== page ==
I despise being cold myself but I cannot resist a tale of polar exploration. There is something amazing about choosing to go to the ends of the earth just to see what’s there. As our world becomes smaller, there are fewer places like that anymore — even Mount Everest is crawling Instagram tourists. But at the close of the 19th century, exploration was still a life-threatening endeavor, with the prospect of heroic immortality and the praise of a nation.
In 1897, Belgian explorer Adrian de Gerlache set out to map the the vast expanse of the mysterious continent of Antarctica. Though the world knew of the icy land mass, most of it remained uncharted. Additionally, no one had yet made it to the South Pole, magnetic or geographic. Gerlache aimed to be the first, and to claim the distinction for Belgium. Their mission becomes one of merely surviving the long unforgiving months of Antarctic night.
Despite his efforts to find a crew entirely from Belgium, it proved impossible to fill all the specialized roles with his countrymen. It became necessary to find experts from America, Norway, and Poland. The varied backgrounds and languages, made for increased tension in an already stressful situation.
As the author recounts Gerlache’s choices preparing for the expedition, the mistakes — and Gerlache’s stubbornness — are clear. But of course, the researcher and the reader both have the benefit of hindsight. Still, as the ship and her crew face mounting challenges, it is clear their survival will depend on the knowledge and instinct of others.
The Belgica had not planned on overwintering in the Antarctic Circle, and they weren’t particularly prepared to do so. The plan was to return to the tip of South America before the ice pack trapped them. Their food stores were plentiful but lacking variety. Importantly, they didn’t have ways to keep busy, entertained, or sane. Furthermore, they were understaffed after leaving four belligerent crew in Rio de Janeiro and losing one sailor overboard.
Of the remaining motley crew, Dr. Fredrick Cook, the ship’s surgeon, proved to be one of the most crucial. After the ship became stuck in the ice, and it became clear they wouldn’t be able to leave until the sun returned, Cook turned to solving the myriad health problems they experienced. The effects of scurvy were well known, though the exact causes (or even the treatment) wasn’t understood. They knew citrus juice helped, but they didn’t know why. Vitamins C or D wouldn’t be isolated for years yet. However Cook figured out to insist that the crew ate fresh food, whenever possible. Penguin, seal, and fish provided important nutrients that were especially vital when the sun was gone for months.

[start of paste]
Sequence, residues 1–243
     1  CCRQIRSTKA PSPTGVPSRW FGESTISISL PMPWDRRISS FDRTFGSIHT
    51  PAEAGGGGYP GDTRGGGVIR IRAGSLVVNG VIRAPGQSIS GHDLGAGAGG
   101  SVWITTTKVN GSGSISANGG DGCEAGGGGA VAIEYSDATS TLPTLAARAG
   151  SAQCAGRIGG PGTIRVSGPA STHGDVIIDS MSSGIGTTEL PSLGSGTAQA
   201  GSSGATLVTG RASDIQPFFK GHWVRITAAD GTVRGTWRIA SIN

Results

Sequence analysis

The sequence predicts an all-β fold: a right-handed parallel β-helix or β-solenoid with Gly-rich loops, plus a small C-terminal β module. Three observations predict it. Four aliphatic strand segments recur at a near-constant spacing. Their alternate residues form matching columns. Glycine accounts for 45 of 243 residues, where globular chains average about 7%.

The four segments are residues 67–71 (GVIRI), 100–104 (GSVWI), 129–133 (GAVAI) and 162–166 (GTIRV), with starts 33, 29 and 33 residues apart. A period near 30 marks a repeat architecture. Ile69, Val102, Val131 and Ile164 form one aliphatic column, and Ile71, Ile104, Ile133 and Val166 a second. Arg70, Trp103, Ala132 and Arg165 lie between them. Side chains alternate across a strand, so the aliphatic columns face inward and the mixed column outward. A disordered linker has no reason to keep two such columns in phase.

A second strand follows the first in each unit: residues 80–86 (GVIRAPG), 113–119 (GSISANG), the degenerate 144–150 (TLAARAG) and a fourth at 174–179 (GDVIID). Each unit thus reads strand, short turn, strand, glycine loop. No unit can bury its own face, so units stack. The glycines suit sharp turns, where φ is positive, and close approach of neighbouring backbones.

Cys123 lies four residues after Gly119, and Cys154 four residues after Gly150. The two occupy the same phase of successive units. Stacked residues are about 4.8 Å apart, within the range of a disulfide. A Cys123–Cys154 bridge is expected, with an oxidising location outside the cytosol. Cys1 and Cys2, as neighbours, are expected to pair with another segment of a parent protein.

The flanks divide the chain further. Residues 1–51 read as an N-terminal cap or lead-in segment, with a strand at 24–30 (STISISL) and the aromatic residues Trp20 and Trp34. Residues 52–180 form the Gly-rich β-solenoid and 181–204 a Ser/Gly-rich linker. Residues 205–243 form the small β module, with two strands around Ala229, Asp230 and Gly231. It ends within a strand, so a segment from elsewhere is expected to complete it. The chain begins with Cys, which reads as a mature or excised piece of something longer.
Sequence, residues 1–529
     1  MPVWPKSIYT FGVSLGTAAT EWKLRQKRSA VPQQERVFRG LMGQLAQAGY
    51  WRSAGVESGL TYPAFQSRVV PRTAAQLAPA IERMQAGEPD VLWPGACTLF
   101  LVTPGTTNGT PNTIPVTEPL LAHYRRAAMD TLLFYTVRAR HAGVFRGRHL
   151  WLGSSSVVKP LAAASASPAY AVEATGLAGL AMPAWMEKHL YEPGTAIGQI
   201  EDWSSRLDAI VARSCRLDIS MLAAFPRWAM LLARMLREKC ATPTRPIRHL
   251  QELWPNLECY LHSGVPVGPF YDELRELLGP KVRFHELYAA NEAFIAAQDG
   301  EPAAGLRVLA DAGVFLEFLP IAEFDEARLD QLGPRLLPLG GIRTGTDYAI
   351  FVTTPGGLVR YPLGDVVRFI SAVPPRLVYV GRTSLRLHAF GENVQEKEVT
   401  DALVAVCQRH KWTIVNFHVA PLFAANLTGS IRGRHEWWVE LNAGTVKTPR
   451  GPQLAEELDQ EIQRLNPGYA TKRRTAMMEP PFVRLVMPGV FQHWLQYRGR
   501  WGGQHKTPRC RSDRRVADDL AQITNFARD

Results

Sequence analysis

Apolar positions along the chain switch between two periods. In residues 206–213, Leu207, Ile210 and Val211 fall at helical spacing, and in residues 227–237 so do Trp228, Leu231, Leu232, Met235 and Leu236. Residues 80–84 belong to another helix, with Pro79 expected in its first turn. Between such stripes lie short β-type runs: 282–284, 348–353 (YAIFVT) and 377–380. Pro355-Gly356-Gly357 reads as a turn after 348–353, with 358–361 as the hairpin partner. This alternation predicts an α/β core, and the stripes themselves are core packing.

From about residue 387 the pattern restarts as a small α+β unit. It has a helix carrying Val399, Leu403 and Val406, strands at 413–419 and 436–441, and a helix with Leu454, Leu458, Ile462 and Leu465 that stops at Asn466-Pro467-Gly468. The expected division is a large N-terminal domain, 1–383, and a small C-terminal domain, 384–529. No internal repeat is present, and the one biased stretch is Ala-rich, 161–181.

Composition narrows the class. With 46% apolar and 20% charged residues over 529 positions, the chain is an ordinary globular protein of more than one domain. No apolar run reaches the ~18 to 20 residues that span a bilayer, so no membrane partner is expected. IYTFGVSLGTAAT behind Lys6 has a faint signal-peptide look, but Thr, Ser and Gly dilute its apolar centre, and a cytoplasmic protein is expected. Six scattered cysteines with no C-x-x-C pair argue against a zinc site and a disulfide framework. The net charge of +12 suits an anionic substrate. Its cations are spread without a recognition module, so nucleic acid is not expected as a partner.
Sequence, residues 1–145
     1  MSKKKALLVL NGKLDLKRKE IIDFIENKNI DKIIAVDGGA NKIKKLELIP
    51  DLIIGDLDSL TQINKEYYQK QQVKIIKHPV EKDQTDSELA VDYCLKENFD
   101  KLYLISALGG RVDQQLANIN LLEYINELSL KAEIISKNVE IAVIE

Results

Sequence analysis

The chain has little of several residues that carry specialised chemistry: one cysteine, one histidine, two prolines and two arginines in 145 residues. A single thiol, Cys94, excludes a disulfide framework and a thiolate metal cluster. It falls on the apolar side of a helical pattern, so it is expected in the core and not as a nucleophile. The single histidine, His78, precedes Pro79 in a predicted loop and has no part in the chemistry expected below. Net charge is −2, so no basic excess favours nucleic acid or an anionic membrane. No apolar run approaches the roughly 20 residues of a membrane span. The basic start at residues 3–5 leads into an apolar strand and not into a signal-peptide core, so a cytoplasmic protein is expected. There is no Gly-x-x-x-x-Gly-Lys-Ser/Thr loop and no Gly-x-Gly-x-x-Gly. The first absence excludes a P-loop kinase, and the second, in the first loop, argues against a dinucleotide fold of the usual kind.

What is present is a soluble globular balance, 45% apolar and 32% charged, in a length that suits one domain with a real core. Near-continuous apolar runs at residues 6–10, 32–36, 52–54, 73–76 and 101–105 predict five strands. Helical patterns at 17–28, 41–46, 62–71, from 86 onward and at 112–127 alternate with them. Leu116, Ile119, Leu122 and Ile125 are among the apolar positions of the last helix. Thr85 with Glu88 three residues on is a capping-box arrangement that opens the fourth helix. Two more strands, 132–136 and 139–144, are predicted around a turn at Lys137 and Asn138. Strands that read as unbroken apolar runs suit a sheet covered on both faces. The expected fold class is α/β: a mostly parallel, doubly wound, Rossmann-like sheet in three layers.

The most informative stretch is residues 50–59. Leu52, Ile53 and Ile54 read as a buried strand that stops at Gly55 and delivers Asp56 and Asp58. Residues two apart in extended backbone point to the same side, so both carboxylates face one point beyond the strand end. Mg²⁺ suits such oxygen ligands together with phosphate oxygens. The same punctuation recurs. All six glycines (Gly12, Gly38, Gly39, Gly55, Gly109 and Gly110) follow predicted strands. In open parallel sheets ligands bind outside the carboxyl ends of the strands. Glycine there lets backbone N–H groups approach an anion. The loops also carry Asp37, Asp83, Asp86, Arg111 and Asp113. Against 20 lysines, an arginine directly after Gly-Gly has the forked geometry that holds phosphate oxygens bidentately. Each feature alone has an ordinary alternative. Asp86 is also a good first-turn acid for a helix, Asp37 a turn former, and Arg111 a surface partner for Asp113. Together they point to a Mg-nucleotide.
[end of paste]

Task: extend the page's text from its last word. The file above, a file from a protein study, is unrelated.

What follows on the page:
He was one of the first to carefully detail the symptoms, treatments, and mental impacts of intense isolation with no sunlight, and his diary is referred to today. His reports have been studied by NASA as they try to prepare manned missions to Mars.
In the second half of the nineteenth century, rates of scurvy began creeping back up. But since the advent of steam-powered shipping, which cut the duration of ocean voyages, fewer sailors were spending enough time at the sea to show symptoms, blinding the Royal Navy — and all the fleets that emulated its practice — to the ineffectiveness of lime juice concentrate as an antiscorbutic. The hard-won cure was again in danger of being forgotten. ~ Loc. 3052
The other crew member who proved themselves was Roald Amundsen. Now a household name in polar exploration, this was Amundsen’s first expedition. With the Belgica, Amundsen was fearless. He constantly pushed himself with short exploratory challenges, and he learned a number of lessons about extreme boredom, scurvy, morale, and navigation (He would go on to reach the South Pole and attempt to fly over the North Pole).
The book is a fascinating adventure, focusing on the mental consequences of voyages such as these. As the Golden Age of Exploration slowly came to a close, the voyage of the Belgica showed there was still much to be learned about the Antarctic, about endurance, and about human psychology.
My rating: [icon name="star" class="" unprefixed_class=""][icon name="star" class="" unprefixed_class=""][icon name="star" class="" unprefixed_class=""][icon name="star" class="" unprefixed_class=""][icon name="star-o" class="" unprefixed_class=""]
My thanks to Brianna and Crown Publishing for the review copy.
Publisher: Crown (May 4, 2021)
Hardcover: 368 pages